Council calls for changes at town’s senior center
Council calls for changes at town’s senior center
NORTH PROVIDENCE – A representative for the town’s senior center complained to the Town Council last week about town officials deactivating their fuel cards, not repairing vehicles, and failing to remove snow in their parking lot, among other issues.
Though council members agreed with new senior center board member Albert Peterson that town and senior center officials need to work out their differences and find a solution going forward, they didn’t appear sympathetic about the changes.
Council President Dino Autiello and Councilor Manny Giusti were especially critical of the actions taken by officials from the Salvatore Mancini Resource and Activity Center, questioning why they would choose to sue the town two years ago instead of just providing answers that council members asked for.
“I feel like this council has been used as a chess piece,” said Autiello. He explained that senior center officials have repeatedly “run to the Town Council” when there have been repercussions for their actions.
Autiello said he’s done a lot of research and found that the more than $500,000 the town provides to the senior center is more generous than the amounts given by any other community. It might be time to scale activities and services back, he said, a “hard decision,” but maybe one that’s necessary to bring the town “in line with what other communities” provide.
Town officials keep hearing that it’s “all about the seniors, all about the seniors, but my question is, is it all about the seniors?” asked Autiello.
As an example of the problems between the center and the town, the council president pointed to the senior center director, Karen Testa Leone, actively working against Mayor Charles Lombardi during the last election cycle.
Autiello said if he did the same thing to his employer, he would probably be fired. He said his criticism wasn’t aimed at Peterson, as a new board member, but others who have been in place for the past three years of conflict. He said he’s not happy about continued posts on social media criticizing town officials.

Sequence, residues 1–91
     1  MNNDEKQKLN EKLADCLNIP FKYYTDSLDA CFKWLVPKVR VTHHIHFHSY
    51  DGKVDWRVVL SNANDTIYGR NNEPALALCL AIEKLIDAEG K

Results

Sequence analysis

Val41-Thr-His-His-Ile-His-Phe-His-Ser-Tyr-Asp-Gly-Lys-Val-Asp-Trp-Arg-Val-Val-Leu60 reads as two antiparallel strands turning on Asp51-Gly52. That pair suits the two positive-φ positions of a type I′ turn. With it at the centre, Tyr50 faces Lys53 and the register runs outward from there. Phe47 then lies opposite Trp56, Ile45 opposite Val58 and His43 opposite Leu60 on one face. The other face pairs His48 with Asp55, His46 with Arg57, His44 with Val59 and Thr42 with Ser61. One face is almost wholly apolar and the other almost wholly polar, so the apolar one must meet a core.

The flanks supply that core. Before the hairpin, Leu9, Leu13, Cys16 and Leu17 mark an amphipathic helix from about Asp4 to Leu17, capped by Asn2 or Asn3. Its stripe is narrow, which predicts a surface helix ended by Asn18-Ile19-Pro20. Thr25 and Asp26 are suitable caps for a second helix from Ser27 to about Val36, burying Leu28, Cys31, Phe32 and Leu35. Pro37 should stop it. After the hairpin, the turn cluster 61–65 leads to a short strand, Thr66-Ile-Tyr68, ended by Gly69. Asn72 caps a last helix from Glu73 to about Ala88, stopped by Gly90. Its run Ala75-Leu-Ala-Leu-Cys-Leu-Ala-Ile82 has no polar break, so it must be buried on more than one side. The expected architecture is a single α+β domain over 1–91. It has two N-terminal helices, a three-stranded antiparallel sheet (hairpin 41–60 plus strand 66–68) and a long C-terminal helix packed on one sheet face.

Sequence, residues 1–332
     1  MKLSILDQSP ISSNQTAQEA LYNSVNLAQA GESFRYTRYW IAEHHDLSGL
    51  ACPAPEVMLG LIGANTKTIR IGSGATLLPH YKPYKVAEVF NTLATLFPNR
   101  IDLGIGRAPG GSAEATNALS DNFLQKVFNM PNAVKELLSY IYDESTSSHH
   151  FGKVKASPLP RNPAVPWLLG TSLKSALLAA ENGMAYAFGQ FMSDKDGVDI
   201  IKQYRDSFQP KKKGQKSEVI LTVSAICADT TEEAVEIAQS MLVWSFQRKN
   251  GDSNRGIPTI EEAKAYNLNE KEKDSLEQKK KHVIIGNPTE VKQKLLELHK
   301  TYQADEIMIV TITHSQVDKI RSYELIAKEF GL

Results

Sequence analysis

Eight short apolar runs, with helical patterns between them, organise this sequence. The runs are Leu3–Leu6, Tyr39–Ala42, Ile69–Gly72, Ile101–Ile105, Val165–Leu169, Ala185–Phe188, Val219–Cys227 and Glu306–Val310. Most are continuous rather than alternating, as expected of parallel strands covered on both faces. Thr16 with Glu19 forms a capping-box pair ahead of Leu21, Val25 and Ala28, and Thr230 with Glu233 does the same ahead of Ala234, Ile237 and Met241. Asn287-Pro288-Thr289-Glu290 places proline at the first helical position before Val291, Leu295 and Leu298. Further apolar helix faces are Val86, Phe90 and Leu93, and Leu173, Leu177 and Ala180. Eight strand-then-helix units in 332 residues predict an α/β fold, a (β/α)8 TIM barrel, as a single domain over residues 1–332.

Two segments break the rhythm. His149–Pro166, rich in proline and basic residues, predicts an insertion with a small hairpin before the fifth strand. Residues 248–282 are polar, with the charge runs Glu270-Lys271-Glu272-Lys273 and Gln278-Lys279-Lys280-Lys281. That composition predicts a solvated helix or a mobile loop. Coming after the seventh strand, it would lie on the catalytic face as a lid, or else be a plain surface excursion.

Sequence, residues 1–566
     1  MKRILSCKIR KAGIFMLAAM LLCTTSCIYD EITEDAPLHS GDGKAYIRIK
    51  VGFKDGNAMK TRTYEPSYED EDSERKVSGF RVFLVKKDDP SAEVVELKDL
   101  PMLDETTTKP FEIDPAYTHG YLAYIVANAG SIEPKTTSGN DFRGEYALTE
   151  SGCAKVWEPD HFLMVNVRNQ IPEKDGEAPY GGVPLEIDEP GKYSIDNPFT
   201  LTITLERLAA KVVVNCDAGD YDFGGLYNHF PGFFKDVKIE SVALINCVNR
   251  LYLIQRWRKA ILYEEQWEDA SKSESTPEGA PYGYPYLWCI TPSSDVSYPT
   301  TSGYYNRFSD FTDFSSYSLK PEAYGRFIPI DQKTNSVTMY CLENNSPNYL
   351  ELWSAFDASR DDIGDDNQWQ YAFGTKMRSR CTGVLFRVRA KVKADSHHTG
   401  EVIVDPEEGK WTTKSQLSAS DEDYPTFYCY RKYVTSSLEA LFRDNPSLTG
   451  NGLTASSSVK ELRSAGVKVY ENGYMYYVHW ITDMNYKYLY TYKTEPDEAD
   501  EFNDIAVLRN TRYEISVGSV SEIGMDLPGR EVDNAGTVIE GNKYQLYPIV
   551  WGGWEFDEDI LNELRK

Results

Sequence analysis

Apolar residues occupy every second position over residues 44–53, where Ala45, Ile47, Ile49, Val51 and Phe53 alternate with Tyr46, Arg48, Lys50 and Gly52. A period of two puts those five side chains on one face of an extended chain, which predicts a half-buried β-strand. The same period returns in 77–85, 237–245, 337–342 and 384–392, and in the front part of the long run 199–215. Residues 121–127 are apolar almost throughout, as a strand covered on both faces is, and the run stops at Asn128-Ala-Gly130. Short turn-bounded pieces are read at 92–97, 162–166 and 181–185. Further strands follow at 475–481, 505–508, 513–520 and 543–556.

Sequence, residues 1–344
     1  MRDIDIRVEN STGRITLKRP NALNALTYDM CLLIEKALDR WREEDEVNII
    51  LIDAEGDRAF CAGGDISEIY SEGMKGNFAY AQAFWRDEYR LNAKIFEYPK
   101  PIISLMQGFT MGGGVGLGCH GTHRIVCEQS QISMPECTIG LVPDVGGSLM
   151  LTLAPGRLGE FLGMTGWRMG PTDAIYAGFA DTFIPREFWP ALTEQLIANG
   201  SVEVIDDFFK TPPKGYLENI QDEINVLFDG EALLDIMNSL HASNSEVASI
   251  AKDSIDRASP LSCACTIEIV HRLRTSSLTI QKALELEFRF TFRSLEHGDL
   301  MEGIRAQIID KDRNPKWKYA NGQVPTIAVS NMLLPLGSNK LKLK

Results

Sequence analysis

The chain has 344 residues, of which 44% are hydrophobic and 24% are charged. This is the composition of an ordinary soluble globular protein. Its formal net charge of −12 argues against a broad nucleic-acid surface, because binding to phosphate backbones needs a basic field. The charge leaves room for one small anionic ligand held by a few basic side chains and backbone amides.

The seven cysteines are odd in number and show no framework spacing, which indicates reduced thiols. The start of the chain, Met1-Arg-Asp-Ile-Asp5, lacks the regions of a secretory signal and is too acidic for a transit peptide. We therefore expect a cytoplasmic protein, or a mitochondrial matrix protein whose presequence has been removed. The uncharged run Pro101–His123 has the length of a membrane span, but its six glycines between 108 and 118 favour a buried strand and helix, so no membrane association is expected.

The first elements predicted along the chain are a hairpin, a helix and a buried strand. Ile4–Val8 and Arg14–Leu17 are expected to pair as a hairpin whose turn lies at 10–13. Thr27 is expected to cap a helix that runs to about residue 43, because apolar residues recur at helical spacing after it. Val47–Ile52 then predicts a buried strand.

“It’s gone too far now,” he said.
Lombardi said officials are still providing the $40,000 or so the town owes the center each month for its operating budget, but he said they’re cutting back on some of the extra services they began providing four years ago. He questioned how senior center officials could have the “audacity and gall” to ask why they’re not still getting free gas. He said he will no longer give them “more money to take advantage of the taxpayers.”
Peterson acknowledged some deficiencies in communication with the town, but said now that he’s a member of the board, officials can count on better cooperation going forward. Effective communication is needed for “immediate resolutions” to various issues impacting seniors, he said. Those issues also include health benefits not being approved for one new employee, he said.
Peterson said the town is refusing to repair a senior van, forcing senior center officials to use a spare van with no heat in it to transport senior citizens.
Peterson said elected leaders should start coming to monthly meetings of the board. Some council members, including Raymond DeStefanis, said they would take him up on the invitation.
Autiello said the council needs more than just an invitation to board meetings. He said officials need more authority over expenses and more say on the board of directors, perhaps with the mayor and council appointing three members each. He said he’ll push for some changes during upcoming budget discussions.
“Anything is possible if we’re willing to sit down at the table and work together,” Peterson replied.
Senior center board members said they’ve provided information on the center’s financials to town officials when it’s been requested, but Giusti said the “big problem” is that information provided is always incomplete, leading to more questions. Giusti said he’s “not looking to bury you,” and that he loves the senior center, “but give us what we ask for.”
“Any question that is asked is going to be answered,” Peterson promised.
Town officials asked how much town funding the senior center has expended on two attorneys to fight their case over money previously withheld by the town. Peterson said he didn’t have the information with him but would get it to officials.
Lombardi again reiterated that he has no intention to hurt the center and that “the only thing that could happen is that it will become better.” He said his goal is to have no senior citizens have to pay for bus rides, lunches, card games, or any other programs.
“There’s enough money being distributed to the center so seniors that attend shouldn’t have to pay one penny for anything,” he said.
Lombardi again stated that he believes it’s time to make the senior center an official town department instead of allowing it to continue as a nonprofit organization.